Technology is rational, predictable, controllable. People aren’t.

This situation reminds me of those old movies we’ve all seen of people trying to fly in machines before the airplane was invented: machines that had flapping wings; machines that had big, circular, umbrella-like contraptions that moved up and down; machines that had four sets of wings, none of which was large enough to generate sufficient life… It didn’t matter how hard the pilots tried. It didn’t matter how imaginative or clever they were. It didn’t matter how good they were as people or how noble their aspirations were. There was nothing these pilots were going to do to make these inventions fly – because they were structurally incapable of flight. – Peter SengeWe have given you the tools... it's up to you to use them!

You flip a switch or program a piece of technology to do something, and it does it.

Technology is rational, predictable, controllable.

Technology doesn’t argue back.

Technology doesn’t need to be motivated.

You hand people a piece of technology and tell them to use it to do something, and more often than not they argue back. Or they say “sure” and then quietly continue doing things the way they’ve always done them and hope if they ignore it long enough it’ll eventually go away. Or they complain that they have no time, that it’s too hard, that it’s stupid, that it’s too much work, that it’s too slow, that it’s too <infinite variety of complaints here>.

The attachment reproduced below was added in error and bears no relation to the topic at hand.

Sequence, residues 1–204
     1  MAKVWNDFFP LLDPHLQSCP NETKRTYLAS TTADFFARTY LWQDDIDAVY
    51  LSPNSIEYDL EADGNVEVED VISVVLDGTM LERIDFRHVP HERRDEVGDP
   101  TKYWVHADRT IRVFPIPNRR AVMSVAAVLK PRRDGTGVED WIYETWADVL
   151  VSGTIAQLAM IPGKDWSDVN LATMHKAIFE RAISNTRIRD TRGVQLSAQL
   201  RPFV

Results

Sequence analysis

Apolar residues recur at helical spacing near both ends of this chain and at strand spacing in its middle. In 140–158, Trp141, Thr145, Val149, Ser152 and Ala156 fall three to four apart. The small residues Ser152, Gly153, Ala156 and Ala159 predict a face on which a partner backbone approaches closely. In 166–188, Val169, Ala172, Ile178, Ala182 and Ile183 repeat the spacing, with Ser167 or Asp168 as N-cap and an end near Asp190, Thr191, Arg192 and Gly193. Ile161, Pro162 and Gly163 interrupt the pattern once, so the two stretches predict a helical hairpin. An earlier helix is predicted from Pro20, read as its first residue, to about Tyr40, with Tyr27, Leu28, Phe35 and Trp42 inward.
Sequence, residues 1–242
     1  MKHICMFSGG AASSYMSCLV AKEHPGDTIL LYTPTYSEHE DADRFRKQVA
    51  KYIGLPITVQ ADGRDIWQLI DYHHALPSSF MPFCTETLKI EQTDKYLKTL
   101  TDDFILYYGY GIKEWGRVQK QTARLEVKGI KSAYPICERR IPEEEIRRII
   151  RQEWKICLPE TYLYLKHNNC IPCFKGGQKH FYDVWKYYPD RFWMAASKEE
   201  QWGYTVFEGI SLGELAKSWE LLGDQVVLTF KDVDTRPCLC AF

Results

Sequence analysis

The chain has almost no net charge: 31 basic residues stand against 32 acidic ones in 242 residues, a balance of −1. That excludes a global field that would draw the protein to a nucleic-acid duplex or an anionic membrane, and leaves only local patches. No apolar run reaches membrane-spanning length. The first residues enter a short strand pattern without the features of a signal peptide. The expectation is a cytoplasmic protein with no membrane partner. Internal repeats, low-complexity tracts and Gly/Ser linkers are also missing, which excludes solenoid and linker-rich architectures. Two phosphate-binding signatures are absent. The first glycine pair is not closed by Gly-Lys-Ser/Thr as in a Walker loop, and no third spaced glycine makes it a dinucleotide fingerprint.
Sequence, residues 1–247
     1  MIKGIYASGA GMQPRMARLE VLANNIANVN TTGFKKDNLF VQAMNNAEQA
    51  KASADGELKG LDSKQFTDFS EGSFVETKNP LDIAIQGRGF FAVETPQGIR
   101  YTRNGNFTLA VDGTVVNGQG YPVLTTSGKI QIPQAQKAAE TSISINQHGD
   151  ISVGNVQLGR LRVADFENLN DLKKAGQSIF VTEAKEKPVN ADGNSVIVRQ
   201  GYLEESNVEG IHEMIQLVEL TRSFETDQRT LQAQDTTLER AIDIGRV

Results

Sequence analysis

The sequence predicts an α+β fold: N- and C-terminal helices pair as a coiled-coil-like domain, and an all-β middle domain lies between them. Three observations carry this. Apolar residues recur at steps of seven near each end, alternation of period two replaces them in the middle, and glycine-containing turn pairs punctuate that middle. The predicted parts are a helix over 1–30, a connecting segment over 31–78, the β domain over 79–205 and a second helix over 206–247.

People are irrational, unpredictable, not receptive to being controlled.

People argue back.

People need to be motivated.

When you flip the switch to deploy a new technology within your organization, you’ve only turned on the technology. You can’t flip a switch to turn on people. People are creatures of habit. They need to be motivated. They need to be seduced. They need to believe what you believe.

Technology centric vs people centric

Achieving user adoption is the process of seducing people into discarding old behaviors and adopting new behaviors. Of nudging people away from their current way of feeling, thinking, and doing to a new way of feeling, thinking, and doing. Of converting them from an old system to a new one.

Deploying technology is a complex business change effort. And user adoption is the biggest challenge you’ll face in your change effort. Yet we’ve traditionally focused our efforts on the technology side of the deployment equation, spending 80% of our time and money on the technology.

Continuing to pour the bulk of our efforts into the technology is like continuing to look to for new ways to flap our wings faster. Instead, with 75-80% of the business value driven by invisible, so-called soft factors – use by people (Global CIO Report – Harnessing Information Value), isn’t it time to flip our focus from the technology to the people? After all, “the value of IT is not in ‘deploying it’ at all but in ‘using it’ and taking full advantage of it. IT brings value only when employees, clients and partners are able to use technology efficiently and improve their own performance. IT functions have the opportunity to create enhanced business value through improving the usage of these technologies, and most of all to get a strong return on their information assets.”

 Interested in learning more about approaches to flipping focus? Sign up for one of the full day workshops I’m facilitating at OpenText Content World:


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